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The world's first ever space detective agency has been formed to find authentic satellite imagery for people to use in court.

Two experts, satellite imaging specialist Raymond Harris and space lawyer Raymond Purdy, both from the University College London, have set up the company Air & Space Evidence Ltd of London.

Using their combined knowledge of space-based photographic databases and Earth observation privacy law, they hope to give everyone the chance to use space imagery in court as evidence.

Images from satellites and drones can be used by insurance companies to investigate fraud, local councils trying to cut down on fly-tipping, or just general members of the public settling personal disputes.

Finding the right picture to use as evidence is not as simple as using Google Earth, and could mean hours of searching through databases, only to have the authenticity of the image questioned.

"Trials have been collapsing because courts cannot be convinced of the authenticity of image data," Purdy told New Scientist.

"Because it is always possible to modify a digital image, you need strong archiving procedures plus information on when it was captured and what happened to it subsequently," Harris added. "We know how to do that."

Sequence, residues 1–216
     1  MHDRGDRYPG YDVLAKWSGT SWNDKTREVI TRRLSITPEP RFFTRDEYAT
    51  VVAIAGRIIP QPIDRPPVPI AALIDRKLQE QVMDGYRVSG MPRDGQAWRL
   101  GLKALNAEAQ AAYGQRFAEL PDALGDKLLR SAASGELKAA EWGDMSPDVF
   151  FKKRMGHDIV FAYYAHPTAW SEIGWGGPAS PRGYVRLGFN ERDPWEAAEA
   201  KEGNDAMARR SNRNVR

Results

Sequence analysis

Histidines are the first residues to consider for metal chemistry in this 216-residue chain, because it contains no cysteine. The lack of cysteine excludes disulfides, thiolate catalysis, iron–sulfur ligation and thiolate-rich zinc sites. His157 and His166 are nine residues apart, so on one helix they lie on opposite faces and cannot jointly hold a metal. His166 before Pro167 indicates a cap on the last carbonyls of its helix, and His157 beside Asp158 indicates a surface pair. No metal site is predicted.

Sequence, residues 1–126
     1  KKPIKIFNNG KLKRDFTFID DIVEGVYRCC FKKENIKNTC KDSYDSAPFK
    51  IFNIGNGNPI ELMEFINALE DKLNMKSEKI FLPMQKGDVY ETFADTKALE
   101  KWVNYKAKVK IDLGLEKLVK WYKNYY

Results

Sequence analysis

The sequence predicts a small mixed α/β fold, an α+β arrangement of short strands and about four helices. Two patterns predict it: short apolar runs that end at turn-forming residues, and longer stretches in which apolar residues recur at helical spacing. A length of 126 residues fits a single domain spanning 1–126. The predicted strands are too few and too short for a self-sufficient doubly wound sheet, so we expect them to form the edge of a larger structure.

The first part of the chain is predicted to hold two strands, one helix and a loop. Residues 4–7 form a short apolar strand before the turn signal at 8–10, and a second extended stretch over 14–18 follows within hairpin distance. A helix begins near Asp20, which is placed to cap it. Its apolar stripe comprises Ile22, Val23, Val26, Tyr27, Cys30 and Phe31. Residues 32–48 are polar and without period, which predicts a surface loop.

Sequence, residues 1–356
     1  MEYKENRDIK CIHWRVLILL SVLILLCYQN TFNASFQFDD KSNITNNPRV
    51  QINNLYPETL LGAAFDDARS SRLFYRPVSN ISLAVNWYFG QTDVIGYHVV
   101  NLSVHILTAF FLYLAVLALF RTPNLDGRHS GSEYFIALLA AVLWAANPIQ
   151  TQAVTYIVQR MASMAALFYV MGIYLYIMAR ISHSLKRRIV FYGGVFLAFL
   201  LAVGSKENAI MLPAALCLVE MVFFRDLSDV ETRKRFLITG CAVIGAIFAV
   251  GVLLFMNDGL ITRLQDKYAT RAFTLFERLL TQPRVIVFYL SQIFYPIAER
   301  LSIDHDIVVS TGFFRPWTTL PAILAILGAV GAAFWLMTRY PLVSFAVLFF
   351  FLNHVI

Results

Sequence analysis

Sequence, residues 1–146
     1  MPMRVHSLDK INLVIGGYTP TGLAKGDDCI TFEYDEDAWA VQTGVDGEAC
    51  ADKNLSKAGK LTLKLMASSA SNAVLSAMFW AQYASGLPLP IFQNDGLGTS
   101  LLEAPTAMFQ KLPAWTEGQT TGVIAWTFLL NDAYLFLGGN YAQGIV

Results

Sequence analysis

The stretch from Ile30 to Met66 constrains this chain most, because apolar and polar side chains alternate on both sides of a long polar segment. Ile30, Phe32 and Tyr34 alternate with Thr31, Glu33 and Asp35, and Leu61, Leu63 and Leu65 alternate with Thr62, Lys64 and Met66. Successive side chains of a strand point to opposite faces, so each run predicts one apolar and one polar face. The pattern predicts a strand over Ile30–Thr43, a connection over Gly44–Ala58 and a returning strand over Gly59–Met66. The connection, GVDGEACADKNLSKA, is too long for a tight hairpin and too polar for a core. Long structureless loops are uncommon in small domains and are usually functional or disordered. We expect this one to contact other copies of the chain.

By using their knowledge of the databases of space image suppliers, and their previous experience of being expert witnesses in satellite imagery cases, the pair will be able to provide images that have enough evidence behind them to stand up in court.

If a higher resolution of an area is needed, the agency plans to use drones to capture aerial imagery, depending on local aviation and privacy laws.

Joanne Wheeler, a space lawyer, has used satellite imagery as evidence in three cases.

One of them was a murder case, and Wheeler was having trouble locating images for a certain time frame. By using space imagery, she was able to fill in the gaps.

"There is a need for space detectives," said Wheeler. "If you are looking for imagery in the past it is difficult to find exactly what you are looking for."